PSI - Issue 49

S. McLennan et al. / Procedia Structural Integrity 49 (2023) 51–58



Mongrain et al. / Structural Integrity Procedia 00 (2023) 000–000

1. Introduction 1.1 Endovascular Aortic Aneurysm Repair

Since the 1990s, endovascular aortic aneurysm repair (EVAR) has become a common alternative to open surgery for treatment of abdominal aortic aneurysms (AAAs). The advantages of this approach being a faster recovery time and lower peri-operative mortality [19]. Over the past two decades, EVAR technology has evolved substantially to enhance procedural success Wanken et al. (2020). Current planning of stent-graft procedures are based on pre-operative computed tomography (CT) imaging that does not take into account the presenceofcalcificationRafi-Tari et al. (2013). The procedure has been noted to fail in certain cases where arterial calcification is present Manunga et al. (2013). 1.2 Aortic Calcification and Numerical Simulations Most AAAs contain a noticeable amount of calcification Maier et al. (2010) while atherosclerotic calcification in major vessel beds is associated with an increased risk of death including in patients undergoing endovascular aortic aneurysm repair (EVAR), Boss et al. (2015) and TerBush et al. (2019). While it has been established that calcifications change aortic tissue mechanical properties and alter the distribution of wall stress Hermanetal.(2018), there is debate over whether this change leads to an increase, Gallitoto et al. (2017) and Komen et al. (2011) or decrease Giannini et al. (2019) in the risk of rupture. Meanwhile, computational studies investigating the impact of calcification on interventional procedures are limited due to lack of information on the mechanical properties of calcification Calahane et al. (2018). To date, the impact of calcification has been poorly treated in computational wall stress analyses and neglecting calcifications therein is common practice in literature, Haller et al. (2020) and Maier et al. (2010). Despite the gap in the literature, there does exist at least one study where investigation of calcification impact on general vascular behaviour has been carried out. Speelman et al. (2007) performed finite element analysis (FEA) on patient-specific AAA geometries (N=6) to establish the effect of calcification on aortic wall stress. Interestingly, they found that if calcifications are located in areas predicted to have high stress, the effect of the calcifications on wall stress is pronounced, even if its stiffness is only slightly higher than that of the AAA wall. Finite element analysis (FEA) provides a means for calculating aortic wall stress on a patient-specific basis. The simulations utilize clinical data that has already been acquired as part of the routine AAA evaluations such as patient CT scans and systolic blood pressure (SBP) readings Halleretal.(2020). Certain studies have investigated the aortic peak wall stress (PWS) in AAA patients with the aim of establishing if PWS can be used as a predictor of rupture Fernandez et al. (2009) and Gallitto et al. (2017), however, these studies are not specific to PWS during EVAR. The goal of this numerical simulation study is to develop a model for assessing the feasibility of EVAR intervention for patients with moderate to severe aortic calcification presence. In addition, we use the simulation technique to investigate the stress response of different regions of the aorto-iliac structure during EVAR and whether the patient specific calcification presence impacts this stress response. The aorta wall was modelled as a simplified hyperelastic, homogenous, isotropic, incompressible material model through the second-order Yeoh hyperelastic material strain energy function with the properties taken from Raghavan et al. (2000). Calcium was modelled as a linear elastic, homogenous, incompressible, and isotropic material. The ILT was modelled as a single-layered incompressible tissue using the one-parameter Ogden-like strain energy function. The various mechanical parameters are presented in Mohammadi et al. (2018) and McLennan (2021).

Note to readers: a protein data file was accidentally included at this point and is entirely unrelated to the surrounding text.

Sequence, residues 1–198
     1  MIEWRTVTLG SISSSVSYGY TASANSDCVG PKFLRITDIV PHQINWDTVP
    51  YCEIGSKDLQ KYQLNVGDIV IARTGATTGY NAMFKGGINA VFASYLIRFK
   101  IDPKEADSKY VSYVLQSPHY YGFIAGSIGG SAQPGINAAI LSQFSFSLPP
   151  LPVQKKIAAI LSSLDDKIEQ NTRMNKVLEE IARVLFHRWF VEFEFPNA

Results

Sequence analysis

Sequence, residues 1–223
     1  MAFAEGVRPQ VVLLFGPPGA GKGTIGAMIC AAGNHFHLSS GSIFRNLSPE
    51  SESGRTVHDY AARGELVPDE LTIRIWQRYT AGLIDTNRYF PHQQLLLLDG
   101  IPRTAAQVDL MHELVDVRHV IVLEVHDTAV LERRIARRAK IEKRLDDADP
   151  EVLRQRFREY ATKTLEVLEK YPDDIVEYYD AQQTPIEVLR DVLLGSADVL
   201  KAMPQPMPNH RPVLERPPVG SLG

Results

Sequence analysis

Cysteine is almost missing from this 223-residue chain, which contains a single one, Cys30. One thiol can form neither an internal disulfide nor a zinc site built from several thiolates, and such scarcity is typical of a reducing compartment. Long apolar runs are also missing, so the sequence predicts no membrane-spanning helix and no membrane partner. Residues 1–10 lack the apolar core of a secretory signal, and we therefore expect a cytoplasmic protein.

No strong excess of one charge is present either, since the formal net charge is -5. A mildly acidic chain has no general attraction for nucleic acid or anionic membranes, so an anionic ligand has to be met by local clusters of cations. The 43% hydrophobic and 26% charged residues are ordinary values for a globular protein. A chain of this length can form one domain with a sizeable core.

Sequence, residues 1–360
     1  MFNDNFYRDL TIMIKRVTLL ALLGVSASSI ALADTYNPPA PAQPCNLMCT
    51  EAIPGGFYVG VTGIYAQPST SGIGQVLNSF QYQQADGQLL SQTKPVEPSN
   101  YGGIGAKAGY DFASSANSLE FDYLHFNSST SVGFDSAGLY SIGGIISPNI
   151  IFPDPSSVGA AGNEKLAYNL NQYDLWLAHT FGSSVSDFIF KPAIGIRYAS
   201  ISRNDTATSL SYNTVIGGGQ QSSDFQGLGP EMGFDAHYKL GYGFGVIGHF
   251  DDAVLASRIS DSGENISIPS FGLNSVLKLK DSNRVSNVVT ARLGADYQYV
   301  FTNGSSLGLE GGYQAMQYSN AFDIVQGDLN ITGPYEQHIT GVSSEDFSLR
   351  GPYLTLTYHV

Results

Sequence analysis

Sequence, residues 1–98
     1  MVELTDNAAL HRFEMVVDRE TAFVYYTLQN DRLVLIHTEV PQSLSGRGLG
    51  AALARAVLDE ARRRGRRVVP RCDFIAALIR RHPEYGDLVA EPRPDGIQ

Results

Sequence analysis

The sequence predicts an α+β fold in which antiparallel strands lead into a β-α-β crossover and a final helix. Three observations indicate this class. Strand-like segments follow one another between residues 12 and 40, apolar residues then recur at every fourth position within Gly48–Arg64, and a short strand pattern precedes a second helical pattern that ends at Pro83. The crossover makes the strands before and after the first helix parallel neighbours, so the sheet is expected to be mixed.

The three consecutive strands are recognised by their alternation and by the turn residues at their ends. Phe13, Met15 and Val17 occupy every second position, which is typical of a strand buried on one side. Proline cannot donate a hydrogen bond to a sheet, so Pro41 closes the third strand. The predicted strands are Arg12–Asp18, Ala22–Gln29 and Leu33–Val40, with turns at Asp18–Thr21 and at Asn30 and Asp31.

Fig. 1 FEA model: (a) abdomen (b) bone (c) ILT and aortic calcification and (d) combined model

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